...and his name was Adam. He was 35, which meant he was Generation-X. Now unlike Douglas Coupland, who coined the term "Generation-X," Adam had never created a neologism, even though he had written about pop cultural trends for like ten years. He wanted more than anything to come up with one, but what?
One day, his fairy godfather, the features editor at New York Magazine called and said, "Whaddya know about hipster parents? Can you give me 10,000 words on hipster parents?" Not having any kids himself, but sensing his chance, he said, "10,000? I can give you 100,000!" "No, no, even 10,000's pushing it. Good luck, and I need it by Thursday."
So Adam set to work. He immediately recognized that the most important things in the world were pop music and denim. This is 80% of all he'd ever written about, so it was a perfect fit. Because he was Gen-X, Adam knew he had to craft an ironic retro neologism, and since the other 20% of his oeuvre was making generalizations based on TV shows, he chose "grup" [aka "grown-up"] as his word. It's from Star Trek, but boomer/flower children/Kirk-era Star Trek, not Picard; Picard is too new and still actually nerdy, not "nerdy."]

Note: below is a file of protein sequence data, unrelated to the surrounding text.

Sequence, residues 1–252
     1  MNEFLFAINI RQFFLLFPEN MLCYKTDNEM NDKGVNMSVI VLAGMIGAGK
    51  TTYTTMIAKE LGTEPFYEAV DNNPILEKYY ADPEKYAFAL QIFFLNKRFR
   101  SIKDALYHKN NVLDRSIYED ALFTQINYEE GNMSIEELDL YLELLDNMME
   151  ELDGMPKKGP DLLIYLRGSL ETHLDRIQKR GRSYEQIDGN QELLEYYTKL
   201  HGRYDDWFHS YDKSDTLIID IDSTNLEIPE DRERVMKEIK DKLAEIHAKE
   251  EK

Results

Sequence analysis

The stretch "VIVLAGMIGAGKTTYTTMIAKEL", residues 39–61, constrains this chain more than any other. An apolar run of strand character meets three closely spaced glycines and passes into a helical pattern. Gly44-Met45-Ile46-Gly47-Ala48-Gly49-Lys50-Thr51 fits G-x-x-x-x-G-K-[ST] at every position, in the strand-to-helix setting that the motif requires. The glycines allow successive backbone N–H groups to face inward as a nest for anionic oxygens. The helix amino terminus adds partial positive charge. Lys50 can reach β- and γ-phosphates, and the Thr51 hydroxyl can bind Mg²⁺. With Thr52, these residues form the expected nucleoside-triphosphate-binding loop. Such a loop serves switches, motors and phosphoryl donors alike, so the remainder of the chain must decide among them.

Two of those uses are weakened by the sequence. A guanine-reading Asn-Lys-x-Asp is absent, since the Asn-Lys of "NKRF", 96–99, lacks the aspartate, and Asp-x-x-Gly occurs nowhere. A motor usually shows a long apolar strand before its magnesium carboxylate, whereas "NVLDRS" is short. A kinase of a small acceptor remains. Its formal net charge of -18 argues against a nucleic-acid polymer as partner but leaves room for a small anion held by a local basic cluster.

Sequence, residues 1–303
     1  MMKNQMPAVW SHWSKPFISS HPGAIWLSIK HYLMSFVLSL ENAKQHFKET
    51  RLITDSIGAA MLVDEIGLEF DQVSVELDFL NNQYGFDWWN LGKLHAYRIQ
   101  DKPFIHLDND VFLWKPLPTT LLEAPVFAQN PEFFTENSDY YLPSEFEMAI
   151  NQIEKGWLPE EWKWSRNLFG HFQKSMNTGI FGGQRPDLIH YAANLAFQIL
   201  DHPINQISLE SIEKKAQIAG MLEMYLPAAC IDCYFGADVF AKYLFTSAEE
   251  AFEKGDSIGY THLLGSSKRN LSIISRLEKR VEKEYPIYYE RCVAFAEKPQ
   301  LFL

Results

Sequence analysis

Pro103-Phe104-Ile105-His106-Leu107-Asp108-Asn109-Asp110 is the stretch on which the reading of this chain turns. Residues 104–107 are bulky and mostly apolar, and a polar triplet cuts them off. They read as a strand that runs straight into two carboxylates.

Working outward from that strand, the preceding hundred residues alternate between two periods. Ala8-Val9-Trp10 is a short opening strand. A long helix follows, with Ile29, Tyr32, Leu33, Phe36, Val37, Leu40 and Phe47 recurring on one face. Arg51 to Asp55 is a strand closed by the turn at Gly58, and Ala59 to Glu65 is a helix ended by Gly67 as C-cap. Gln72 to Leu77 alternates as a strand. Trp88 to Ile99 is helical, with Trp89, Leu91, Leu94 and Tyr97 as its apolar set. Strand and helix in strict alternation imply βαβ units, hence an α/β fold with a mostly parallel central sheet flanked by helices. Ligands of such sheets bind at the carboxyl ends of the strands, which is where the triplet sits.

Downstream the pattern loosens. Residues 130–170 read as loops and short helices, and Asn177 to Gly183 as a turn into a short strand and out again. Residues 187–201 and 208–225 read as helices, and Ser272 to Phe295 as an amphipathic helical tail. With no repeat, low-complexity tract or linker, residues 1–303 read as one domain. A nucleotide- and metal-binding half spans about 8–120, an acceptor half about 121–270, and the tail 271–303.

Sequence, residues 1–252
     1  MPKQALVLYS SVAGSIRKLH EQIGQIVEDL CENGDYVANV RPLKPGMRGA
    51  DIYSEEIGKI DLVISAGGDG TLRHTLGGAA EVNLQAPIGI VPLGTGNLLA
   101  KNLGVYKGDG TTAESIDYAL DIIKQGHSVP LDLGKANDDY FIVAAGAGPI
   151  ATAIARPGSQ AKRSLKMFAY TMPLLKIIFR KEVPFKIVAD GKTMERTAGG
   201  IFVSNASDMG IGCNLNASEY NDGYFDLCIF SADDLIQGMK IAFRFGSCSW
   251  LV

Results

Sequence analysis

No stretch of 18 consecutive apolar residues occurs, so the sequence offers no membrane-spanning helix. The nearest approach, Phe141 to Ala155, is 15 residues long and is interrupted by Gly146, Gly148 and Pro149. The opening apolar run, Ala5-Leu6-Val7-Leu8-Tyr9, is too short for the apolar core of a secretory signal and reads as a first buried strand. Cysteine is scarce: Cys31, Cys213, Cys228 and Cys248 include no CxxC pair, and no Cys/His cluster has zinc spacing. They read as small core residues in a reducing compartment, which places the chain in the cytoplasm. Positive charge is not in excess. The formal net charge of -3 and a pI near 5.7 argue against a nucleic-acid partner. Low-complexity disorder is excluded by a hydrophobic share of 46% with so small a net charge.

That left 9,999 words. 9.998 if you count the obligatory mention of Neal Pollack's "Alternadads," which would've been competition, but isn't since "grups" covers both men AND women, and even kid-free hipsters. hahaha. Take that, Pollack. So. with 9,998 words left. Adam just wrote down whatever the hell crossed his mind while he was transferring from the L train to the F.
He even got the cover. And they all lived happily ever after. Except for me, because my head just exploded. The End.